The chairman of the House Intelligence Committee said Wednesday he has seen no evidence backing up President Donald Trump’s allegation the administration of former President Barack Obama wiretapped Trump’s personal offices in New York City before the November election.

“We don't have any evidence that that took place,” Rep. Devin Nunes, R-Calif., told reporters at a news conference in Washington. “I don't think there was an actual tap of Trump Tower.”

It was “obvious” that Obama didn’t personally implore his national security advisers to install listening devices inside Trump Tower, where Trump's primary office and residence are, Nunes said.

Read: Just Kidding? Trump Spokesman Rolls Back Obama Wiretapping Claim

“If the White House or the president want to come out and clarify his statements more, it would probably, probably be helpful,” Nunes said, in reference to the president’s March 4 tweets, where he called Obama "sick" for ordering the alleged wiretaps.

It was unclear on what Trump based his tweetstorm. Speculation centered on a conspiracy theory proffered on the alt-right website Breitbart News. 

FBI Director James Comey is scheduled to testify publicly before the committee Monday and will be questioned about Trump's wiretap claims in addition to whether the FBI had any information regarding members of the Trump team meeting with Russian government officials during the presidential election, USA Today reported Wednesday.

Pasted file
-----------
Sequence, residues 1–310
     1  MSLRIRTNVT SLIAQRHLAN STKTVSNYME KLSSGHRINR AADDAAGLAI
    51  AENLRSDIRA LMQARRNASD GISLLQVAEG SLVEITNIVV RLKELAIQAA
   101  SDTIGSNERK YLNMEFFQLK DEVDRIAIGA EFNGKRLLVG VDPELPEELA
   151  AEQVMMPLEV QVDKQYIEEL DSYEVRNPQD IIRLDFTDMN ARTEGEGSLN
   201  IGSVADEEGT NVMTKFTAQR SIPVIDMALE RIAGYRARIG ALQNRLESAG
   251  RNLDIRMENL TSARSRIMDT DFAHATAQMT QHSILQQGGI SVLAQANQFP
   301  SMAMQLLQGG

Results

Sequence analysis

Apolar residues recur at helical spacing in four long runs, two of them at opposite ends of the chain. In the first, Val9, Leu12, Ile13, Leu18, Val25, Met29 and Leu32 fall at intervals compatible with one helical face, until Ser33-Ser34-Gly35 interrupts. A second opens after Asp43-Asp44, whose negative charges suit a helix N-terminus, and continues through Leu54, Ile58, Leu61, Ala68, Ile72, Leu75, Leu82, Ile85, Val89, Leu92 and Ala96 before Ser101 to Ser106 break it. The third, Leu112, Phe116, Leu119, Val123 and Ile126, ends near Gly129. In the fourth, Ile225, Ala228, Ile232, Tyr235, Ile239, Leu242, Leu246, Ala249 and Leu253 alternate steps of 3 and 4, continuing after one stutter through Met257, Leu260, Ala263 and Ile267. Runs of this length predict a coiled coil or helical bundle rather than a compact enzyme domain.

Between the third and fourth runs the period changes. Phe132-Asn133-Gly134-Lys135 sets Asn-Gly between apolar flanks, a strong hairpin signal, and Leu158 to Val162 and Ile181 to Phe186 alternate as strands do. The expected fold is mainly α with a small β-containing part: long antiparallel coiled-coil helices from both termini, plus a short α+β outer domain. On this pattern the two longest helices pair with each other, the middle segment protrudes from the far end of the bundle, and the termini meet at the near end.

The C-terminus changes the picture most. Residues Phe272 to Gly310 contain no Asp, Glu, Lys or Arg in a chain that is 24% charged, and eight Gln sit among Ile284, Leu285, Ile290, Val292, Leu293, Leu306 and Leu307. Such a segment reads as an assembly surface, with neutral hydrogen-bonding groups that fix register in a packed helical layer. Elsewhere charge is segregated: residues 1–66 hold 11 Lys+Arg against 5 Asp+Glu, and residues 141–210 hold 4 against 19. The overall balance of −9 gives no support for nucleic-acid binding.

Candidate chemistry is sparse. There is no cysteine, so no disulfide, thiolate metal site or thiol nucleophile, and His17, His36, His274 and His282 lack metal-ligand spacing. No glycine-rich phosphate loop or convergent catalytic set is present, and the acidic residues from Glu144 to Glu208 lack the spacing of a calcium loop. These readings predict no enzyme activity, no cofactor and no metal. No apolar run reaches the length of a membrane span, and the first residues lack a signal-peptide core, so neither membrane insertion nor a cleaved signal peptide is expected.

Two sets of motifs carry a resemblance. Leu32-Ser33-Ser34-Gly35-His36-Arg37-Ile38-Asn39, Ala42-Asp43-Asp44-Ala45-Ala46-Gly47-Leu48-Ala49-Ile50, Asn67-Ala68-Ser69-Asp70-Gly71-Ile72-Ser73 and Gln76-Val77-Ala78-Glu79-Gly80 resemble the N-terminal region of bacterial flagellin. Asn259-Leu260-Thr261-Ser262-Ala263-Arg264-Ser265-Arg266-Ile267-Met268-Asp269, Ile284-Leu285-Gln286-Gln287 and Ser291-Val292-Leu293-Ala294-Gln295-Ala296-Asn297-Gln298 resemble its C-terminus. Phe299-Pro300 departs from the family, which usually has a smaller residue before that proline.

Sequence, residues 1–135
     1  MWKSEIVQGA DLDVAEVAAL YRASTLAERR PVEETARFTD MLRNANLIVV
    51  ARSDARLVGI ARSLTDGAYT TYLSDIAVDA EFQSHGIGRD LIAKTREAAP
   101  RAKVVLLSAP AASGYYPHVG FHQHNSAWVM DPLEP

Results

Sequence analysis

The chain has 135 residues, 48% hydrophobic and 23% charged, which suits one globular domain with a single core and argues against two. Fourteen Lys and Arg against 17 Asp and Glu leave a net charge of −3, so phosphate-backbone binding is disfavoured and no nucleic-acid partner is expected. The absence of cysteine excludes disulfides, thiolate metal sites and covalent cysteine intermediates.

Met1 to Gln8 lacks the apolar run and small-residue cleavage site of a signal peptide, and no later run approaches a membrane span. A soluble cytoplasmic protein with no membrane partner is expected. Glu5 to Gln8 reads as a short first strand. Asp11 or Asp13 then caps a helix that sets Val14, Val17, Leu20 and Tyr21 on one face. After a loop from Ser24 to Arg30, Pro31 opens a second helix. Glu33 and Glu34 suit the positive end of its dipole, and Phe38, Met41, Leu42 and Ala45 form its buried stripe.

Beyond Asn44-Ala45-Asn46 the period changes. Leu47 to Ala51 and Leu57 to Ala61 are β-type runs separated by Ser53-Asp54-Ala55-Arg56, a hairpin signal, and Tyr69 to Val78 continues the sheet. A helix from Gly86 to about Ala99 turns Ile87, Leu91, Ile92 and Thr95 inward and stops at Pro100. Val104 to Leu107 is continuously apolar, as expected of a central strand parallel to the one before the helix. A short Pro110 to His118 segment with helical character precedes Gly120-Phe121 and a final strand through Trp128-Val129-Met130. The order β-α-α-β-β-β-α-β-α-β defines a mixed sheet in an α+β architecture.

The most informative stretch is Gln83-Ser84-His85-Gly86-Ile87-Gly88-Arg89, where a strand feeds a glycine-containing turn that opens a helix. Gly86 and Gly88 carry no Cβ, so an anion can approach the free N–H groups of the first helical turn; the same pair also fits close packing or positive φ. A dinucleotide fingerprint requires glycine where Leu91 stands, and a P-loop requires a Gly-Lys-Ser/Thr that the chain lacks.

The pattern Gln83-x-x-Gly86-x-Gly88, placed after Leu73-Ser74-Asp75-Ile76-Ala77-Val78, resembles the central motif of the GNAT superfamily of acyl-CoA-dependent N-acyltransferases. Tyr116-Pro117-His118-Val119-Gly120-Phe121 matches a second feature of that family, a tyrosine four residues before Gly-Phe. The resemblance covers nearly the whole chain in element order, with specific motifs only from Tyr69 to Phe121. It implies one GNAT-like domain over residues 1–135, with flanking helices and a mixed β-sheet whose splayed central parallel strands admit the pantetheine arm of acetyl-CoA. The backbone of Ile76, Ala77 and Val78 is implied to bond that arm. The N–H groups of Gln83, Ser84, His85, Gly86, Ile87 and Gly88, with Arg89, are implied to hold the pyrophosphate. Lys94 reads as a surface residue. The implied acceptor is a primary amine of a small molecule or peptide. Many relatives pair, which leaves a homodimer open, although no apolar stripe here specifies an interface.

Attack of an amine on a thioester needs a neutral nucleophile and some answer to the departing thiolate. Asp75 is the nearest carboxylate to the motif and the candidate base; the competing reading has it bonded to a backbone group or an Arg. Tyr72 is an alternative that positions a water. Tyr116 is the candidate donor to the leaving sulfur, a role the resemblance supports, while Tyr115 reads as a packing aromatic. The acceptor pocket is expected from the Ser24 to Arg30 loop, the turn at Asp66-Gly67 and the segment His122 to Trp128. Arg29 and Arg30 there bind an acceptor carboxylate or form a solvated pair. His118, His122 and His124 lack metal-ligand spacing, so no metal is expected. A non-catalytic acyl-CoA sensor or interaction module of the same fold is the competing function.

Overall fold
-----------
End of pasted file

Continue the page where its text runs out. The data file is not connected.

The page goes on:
Sen. Lindsey Graham, R-S.C., a senior member of the Senate Judiciary Committee, threatened Wednesday to subpoena Comey if he failed to answer whether the FBI received a federal warrant to conduct surveillance on Trump, his campaign or his Manhattan headquarters. 

Sean Spicer, the White House press secretary, insisted Monday there were numerous reports from a “variety of outlets over the last couple months that seemed to indicate that there has been some kind of surveillance that occurred during the 2016 election," but at the same time softening Trump's allegation by explaining Trump didn't think Obama installed the alleged wiretaps personally.

Senior White House adviser Kellyanne Conway contentiously said in an interview Sunday the federal government had several means of spying on Trump aside from a traditional wiretap, suggesting that the Obama administration could have snooped on Trump’s conversations via several electrical appliances like microwaves. Subsequent reports revealed there are no microwaves manufactured with listening devices incorporated.